Gordon Campbell | Parliament TV | Parliament Today | News Video | Crime | Employers | Housing | Immigration | Legal | Local Govt. | Maori | Welfare | Unions | Youth | Search

 

CYFS suspends assessments for Russian adoptions

15 September 2006
Media Release
For Immediate Release

Child Youth and Family temporarily suspends assessments for Russian adoptions

Child, Youth and Family today announced it was temporarily suspending its assessments of new prospective families wanting to adopt children from Russia but reassured families already advanced in the process that they will continue to receive help.

New Zealanders have been adopting Russian children since 1992. Families adopting in Russia undertake independent adoptions, applying to the Russian Ministry of Education directly and completing adoption legal processes themselves.

The suspension comes in the wake of the Russian government signalling that it will be changing its legislation to cease all independent inter-country adoptions. This will mean in the future all foreign citizens will be required to use the services of an adoption agency in their own country that has been accredited by the Russian Ministry of Education as a foreign adoption agency. Currently, New Zealand does not have such an agency.

Inter-country Adoptions New Zealand, ICANZ, which helps facilitate inter-country adoptions for New Zealanders, is working towards Russian accreditation. However, until that happens, Acting Deputy Chief Executive for Child, Youth and Family Bernadine MacKenzie says Child, Youth and Family does not feel that clear processes are in place to provide the appropriate level of support throughout the adoption process.

She said, "Without an accredited agency, the process of inter-country adoption is surrounded by uncertainty. A number of adoptive families have had the process disrupted or delayed, with some inter-country adoptions taking years to complete. This can cause an extremely high level of stress - as well as financial cost - and is not in either the child or adoptive families' best interest."

A crucial part of the inter-country adoption process is a home study, a formalised assessment of the prospective home environment carried out by Child, Youth and Family, as part of the application. These are only considered valid for 12 months after which time they must be redone and records updated.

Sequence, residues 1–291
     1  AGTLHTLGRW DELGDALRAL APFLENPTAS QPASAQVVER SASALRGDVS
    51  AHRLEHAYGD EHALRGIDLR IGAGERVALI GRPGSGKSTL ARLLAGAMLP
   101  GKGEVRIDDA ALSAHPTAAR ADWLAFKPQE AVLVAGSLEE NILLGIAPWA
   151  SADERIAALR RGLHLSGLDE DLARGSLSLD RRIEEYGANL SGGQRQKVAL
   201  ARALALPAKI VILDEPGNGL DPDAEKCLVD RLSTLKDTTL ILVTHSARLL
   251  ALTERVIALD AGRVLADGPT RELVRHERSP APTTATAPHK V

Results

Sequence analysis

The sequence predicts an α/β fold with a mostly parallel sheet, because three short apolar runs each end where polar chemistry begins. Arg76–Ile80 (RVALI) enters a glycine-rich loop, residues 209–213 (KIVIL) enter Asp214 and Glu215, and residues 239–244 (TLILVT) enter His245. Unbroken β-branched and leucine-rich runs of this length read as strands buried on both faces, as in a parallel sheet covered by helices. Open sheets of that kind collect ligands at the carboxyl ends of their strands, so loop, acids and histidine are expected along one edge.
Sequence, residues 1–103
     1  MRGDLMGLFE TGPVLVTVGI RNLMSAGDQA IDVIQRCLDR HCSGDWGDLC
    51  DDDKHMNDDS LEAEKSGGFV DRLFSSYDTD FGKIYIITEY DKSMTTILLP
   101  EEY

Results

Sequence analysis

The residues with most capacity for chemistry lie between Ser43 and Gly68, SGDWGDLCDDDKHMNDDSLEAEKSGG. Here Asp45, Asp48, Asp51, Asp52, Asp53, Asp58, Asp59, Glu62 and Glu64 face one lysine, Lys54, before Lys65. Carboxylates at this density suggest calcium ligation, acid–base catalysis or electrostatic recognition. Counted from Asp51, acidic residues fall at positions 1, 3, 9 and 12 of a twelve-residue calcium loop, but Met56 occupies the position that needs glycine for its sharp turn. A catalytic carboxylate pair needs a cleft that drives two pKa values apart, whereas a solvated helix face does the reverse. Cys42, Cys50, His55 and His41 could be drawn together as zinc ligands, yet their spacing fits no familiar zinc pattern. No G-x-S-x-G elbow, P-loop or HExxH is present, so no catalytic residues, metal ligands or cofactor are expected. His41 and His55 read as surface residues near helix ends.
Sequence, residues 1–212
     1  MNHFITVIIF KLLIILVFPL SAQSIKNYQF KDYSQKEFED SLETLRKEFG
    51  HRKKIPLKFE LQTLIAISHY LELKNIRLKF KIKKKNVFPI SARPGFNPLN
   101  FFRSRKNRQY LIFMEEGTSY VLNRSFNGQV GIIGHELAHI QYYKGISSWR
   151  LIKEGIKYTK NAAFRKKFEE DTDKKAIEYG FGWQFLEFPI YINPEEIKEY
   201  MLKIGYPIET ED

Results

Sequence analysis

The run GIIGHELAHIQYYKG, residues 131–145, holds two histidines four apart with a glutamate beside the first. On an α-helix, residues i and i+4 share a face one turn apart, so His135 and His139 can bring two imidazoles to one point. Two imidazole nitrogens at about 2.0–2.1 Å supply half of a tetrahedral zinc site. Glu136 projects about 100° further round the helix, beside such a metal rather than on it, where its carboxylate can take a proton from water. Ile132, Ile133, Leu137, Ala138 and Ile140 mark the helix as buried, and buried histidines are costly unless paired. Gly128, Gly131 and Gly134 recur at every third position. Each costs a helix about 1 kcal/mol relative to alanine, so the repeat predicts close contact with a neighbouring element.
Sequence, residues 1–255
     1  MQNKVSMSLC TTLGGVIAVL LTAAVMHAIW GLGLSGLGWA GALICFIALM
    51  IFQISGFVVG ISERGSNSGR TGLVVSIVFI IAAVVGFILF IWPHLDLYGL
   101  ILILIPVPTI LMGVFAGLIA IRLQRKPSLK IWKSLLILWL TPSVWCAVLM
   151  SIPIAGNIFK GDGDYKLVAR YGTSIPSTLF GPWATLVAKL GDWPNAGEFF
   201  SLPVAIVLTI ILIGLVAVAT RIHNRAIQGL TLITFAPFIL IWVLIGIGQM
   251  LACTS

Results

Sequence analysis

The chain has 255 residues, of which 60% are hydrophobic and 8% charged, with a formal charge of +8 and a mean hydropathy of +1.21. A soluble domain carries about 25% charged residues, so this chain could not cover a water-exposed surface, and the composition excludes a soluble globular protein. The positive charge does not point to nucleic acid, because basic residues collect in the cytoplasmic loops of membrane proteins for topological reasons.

Ms MacKenzie says Child, Youth and Family will continue to help those New Zealand families who have already been offered a Russian child, or who have applied to adopt a Russian child.

She said, "Child, Youth and Family will also complete any homestudy assessments currently underway, provided that applicants understand the current environment in Russia and the uncertainty for completion of an adoption.

"This temporary suspension does not necessarily mean that we will never be able to help facilitate Russian adoptions, but at this point it would be unfair to raise expectations by undertaking home study assessments until the obstacles to adoption in Russia have been overcome."

"We intend to lift this temporary suspension if and when the situation changes appropriately, and we will keep everyone informed. "

Ms MacKenzie added that the Child, Youth and Family policy change is to safeguard the best interests of the children and families involved.

She said, "Although we know this decision will be disappointing for families who want to adopt a Russian child, we have to be sure that the proper safeguards are in place to support parents undertaking an inter-country adoption.


ENDS

© Scoop Media

 
 
 
Parliament Headlines | Politics Headlines | Regional Headlines

Charlotte Graham: Empowering Communities To Act In A Disaster

The year of record-breaking natural disasters means that in the US, as in New Zealand, there’s a conversation happening about how best to run the emergency management sector and what philosophies best engage and protect communities in the event of a crisis.

How much of the responsibility for a community’s safety in a natural disaster is the Government’s, and how much can be left up to the community themselves? And how do we ensure none of our most vulnerable residents are left behind? More>>

 

CPAG Report: The Further Fraying Of The Welfare Safety Net

New Zealand’s welfare system has undergone a major transformation during the past three decades. This process has seriously thwarted the original intent of the system, which was to provide a decent standard of living for all New Zealanders in times of need... More>>

ALSO:

Signage, Rumble Strips, Barriers: Boost For State Highway Road Safety

Boost for road safety this summer Associate Transport Minister Julie Anne Genter today announced a short term boost in road safety funding this summer and signalled a renewed focus from the Government on introducing safer speed limits. More>>

ALSO:

Risks & Adaptation: Cheaper To Cut Emissions Than Deal With Climate Change

The cost of climate change to New Zealand is still unknown, but a group of experts tasked with plugging the country's information gaps says it will likely be significant and it would be cheaper to cut greenhouse emissions than simply adapting to those changes. More>>

ALSO:

BPS HYEFU WYSIWYG: Labour's Budget Plans, Families Package

“Today we are announcing the full details of the Government’s Families Package. This is paid for by rejecting National’s tax cuts and instead targeting spending at those who need it most. It will lift 88,000 children out of poverty by 2021." More>>

ALSO:

 
 
 
 
 

LATEST HEADLINES

  • PARLIAMENT
  • POLITICS
  • REGIONAL
 
 

Featured InfoPages